Do Prenups Expire in California?

Nov 19, 2020 | Prenuptial Agreements

West Coast Best Coast!

California – it’s known as the mecca of some of the best weather in the entire world (75 and sunny, virtually all year long), and of course, thanks to the presence of Hollywood, is notoriously recognized as the home to many of the rich and famous. And when it comes time to exchange nuptials, celebrities, many of whom reside in California, are often associated with the idea of obtaining a prenuptial agreement, or, more commonly referred to as, a prenup. A prenup is basically a legal document used to proactively prevent messy divorce proceedings. In other words, a prenup lays out a plan spelling out which spouse will get which assets, pieces of property, etc., in the case of divorce, if a divorce were to ever occur. So, it’s logical that the greater and more expansive an individual’s assets are, the more eager they might be to protect them from being taken away amid a divorce. However, prenups are not just for celebrities these days. In fact, prenups are on the upswing, especially among the millennial population (Source: Business Insider). This demographic, generally thought of as those born between 1981 – 1996, are getting married later in life for a myriad of reasons (more are attending college, more are struggling with debt, etc.). As these marriages are occurring later in life, these folks tend to have more assets to protect (e.g. an average 35 year old will typically have more assets than an average 25 year old), therefore making a prenup more beneficial.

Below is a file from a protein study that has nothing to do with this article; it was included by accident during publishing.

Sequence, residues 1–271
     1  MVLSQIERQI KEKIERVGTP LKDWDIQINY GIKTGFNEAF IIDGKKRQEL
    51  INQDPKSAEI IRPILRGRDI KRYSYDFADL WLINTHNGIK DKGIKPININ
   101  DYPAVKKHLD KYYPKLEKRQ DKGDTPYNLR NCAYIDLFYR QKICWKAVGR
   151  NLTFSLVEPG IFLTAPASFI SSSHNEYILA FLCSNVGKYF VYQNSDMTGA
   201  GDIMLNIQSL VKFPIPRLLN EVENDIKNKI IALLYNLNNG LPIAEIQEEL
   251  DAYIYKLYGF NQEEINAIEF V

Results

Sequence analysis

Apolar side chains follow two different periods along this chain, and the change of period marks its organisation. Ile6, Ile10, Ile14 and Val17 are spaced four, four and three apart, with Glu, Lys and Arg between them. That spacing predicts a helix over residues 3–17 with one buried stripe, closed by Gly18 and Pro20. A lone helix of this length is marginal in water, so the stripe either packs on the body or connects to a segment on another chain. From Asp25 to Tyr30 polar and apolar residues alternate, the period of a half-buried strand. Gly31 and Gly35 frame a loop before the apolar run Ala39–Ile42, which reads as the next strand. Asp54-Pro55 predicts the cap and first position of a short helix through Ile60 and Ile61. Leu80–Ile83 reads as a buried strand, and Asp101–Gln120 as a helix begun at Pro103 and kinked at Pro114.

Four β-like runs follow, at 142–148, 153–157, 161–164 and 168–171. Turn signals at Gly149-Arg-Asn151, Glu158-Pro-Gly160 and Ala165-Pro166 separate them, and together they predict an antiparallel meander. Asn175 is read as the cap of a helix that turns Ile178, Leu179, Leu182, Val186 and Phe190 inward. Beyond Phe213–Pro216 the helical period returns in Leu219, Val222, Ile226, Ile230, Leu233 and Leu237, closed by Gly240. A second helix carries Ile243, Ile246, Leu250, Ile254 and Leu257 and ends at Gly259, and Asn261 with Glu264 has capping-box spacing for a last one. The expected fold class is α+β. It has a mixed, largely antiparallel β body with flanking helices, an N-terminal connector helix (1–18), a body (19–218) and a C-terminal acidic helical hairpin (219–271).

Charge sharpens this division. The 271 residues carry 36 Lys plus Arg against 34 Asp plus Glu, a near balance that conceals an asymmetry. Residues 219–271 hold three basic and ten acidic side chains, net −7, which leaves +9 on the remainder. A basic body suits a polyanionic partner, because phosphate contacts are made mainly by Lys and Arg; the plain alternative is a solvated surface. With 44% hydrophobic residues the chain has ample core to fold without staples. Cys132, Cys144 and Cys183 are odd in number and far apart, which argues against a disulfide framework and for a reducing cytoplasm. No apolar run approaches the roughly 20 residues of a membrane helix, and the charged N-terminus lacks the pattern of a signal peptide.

So, what are the intricacies of getting a prenup in what is colloquially known as The Golden State? Well, perhaps the most pressing question for many is the issue of whether or not a prenup can/will expire. After all, nobody wants to give up time and money to go through the process of obtaining a prenup, only for it to expire before it can be put to use. For anyone considering a prenup, the good news is that a prenup written in the state of California will not expire. In fact, regardless of the state that a prenup is written in, the document does not expire. No matter how soon after your initial wedding date that you may get divorced, a prenup that is legally sound will remain intact. Though of course, its validity has a right to be questioned or denied by a court.

The Loophole – Sunset Clauses

If you are in fact interested in setting an expiration date on your prenup though, that’s not to say this cannot be done. There is a specific kind of clause, referred to as a “sunset clause”, which can actually set an expiration date on your prenup. A clause, also referred to as a provision, is basically a section within a legal contract that speaks to a specific point.  But why would you want to instill an expiration date on your prenup?